Congratulations to our colleagues Michael and Susan Anderson for their article on Machine Ethics (ME) in the October issue of the Scientific American. In the article, titled Robot Be Good: A Call for Ethical Autonomous Machines, they introduce both ME and their recent work programming ethical principles in Nao, a humanoid robot. Nao, pictured to the right, was developed by the French company Aldebaran Robotics.
Nao is capable of finding and walking toward a patient who needs to be reminded to take a medication, bringing the medication to the patient, interacting using natural-language, and notifying an overseer by e-mail when necessary. The robot receives initial input from the overseer (who typically would be a physician), including: what time to take a medication, the maximum amount of harm that could occur if this medication is not tak- en, how long it would take for this maximum harm to occur, the maximum amount of expected good to be derived from taking this medication, and how long it would take for this benefit to be lost. From this input, the robot calculates its levels of duty satisfaction or violation for each of the three duties and takes different actions depending on how those levels change over time. It issues a reminder when the levels of duty satisfaction and violation have reached the point where, according to its ethical principle, reminding is preferable to not reminding. The robot notifies the overseer only when it gets to the point that the patient could be harmed, or could lose considerable benefit, from not taking the medication.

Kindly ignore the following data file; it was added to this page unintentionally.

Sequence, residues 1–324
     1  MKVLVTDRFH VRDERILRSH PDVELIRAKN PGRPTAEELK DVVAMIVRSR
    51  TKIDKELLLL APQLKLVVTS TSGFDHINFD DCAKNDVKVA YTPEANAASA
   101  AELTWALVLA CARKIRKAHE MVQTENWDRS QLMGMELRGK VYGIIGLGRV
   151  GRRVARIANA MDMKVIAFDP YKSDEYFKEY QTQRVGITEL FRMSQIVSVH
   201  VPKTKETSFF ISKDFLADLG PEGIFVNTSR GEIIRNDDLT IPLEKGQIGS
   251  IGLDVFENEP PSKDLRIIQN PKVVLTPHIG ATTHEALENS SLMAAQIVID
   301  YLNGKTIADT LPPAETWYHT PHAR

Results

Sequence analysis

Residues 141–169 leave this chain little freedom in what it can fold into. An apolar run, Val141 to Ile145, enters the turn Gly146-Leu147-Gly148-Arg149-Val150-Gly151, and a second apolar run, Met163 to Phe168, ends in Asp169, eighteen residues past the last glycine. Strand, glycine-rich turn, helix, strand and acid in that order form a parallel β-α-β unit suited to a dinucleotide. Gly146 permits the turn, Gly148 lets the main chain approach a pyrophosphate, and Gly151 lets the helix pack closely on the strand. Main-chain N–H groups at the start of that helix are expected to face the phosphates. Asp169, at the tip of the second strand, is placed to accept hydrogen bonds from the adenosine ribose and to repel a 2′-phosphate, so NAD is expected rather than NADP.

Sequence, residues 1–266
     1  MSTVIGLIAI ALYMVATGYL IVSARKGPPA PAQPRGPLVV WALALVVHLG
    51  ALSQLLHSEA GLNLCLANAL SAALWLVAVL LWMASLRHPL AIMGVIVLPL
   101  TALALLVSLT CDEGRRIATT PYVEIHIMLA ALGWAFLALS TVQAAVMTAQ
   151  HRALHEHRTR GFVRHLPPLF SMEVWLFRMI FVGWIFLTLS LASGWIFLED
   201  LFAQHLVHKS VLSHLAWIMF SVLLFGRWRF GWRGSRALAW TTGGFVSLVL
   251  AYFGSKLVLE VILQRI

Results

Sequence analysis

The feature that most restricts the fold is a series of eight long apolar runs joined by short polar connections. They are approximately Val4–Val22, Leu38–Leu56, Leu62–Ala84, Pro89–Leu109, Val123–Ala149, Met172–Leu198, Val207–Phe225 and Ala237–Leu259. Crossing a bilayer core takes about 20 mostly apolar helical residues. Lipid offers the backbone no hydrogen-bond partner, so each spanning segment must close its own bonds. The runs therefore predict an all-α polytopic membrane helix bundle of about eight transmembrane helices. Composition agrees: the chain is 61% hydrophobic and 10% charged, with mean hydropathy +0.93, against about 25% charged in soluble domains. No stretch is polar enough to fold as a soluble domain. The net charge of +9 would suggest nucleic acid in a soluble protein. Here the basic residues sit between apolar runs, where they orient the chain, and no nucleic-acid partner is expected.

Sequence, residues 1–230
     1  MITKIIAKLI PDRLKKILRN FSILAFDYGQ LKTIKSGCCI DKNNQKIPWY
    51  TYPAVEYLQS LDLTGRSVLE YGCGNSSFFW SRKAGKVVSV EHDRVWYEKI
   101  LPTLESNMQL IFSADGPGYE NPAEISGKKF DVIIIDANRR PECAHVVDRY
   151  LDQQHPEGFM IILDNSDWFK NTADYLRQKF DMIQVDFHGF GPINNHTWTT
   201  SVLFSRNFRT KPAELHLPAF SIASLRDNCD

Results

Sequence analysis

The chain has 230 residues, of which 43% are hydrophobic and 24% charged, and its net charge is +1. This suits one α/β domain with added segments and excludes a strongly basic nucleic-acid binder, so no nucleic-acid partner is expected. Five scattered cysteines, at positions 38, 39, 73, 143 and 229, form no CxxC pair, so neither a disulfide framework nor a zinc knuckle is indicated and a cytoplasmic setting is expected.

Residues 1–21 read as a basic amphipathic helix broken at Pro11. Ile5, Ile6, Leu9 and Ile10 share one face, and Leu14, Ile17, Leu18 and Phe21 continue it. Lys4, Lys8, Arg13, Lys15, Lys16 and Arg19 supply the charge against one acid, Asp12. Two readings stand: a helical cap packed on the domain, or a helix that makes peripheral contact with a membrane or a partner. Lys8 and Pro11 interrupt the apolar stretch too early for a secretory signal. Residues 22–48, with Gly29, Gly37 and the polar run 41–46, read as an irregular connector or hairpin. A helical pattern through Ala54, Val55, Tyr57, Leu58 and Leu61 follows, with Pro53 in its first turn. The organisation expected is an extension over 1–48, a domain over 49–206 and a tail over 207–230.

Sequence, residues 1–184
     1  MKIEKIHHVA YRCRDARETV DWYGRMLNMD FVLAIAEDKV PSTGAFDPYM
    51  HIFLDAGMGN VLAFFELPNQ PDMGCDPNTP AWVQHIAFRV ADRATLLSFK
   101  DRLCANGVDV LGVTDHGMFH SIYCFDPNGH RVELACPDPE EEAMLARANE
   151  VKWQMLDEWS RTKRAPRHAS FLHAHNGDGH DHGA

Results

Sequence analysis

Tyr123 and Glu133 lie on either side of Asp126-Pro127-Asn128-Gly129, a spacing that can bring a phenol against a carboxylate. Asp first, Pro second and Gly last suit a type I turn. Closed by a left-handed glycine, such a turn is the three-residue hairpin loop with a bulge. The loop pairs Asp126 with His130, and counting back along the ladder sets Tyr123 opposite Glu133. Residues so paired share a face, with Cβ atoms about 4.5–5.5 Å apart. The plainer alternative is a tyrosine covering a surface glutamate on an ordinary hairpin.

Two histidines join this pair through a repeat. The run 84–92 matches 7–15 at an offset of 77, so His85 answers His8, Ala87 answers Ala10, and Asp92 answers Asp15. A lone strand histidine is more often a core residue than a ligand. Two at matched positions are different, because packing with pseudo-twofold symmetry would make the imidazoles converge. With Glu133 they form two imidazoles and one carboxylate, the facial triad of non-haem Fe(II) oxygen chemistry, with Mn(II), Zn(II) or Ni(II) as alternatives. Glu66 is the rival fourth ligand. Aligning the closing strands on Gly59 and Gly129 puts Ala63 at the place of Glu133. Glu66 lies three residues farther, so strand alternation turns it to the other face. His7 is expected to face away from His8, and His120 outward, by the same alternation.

Those familiar with the Anderson's work will appreciate that Nao is the first robotic implementation of work they did on EthEl.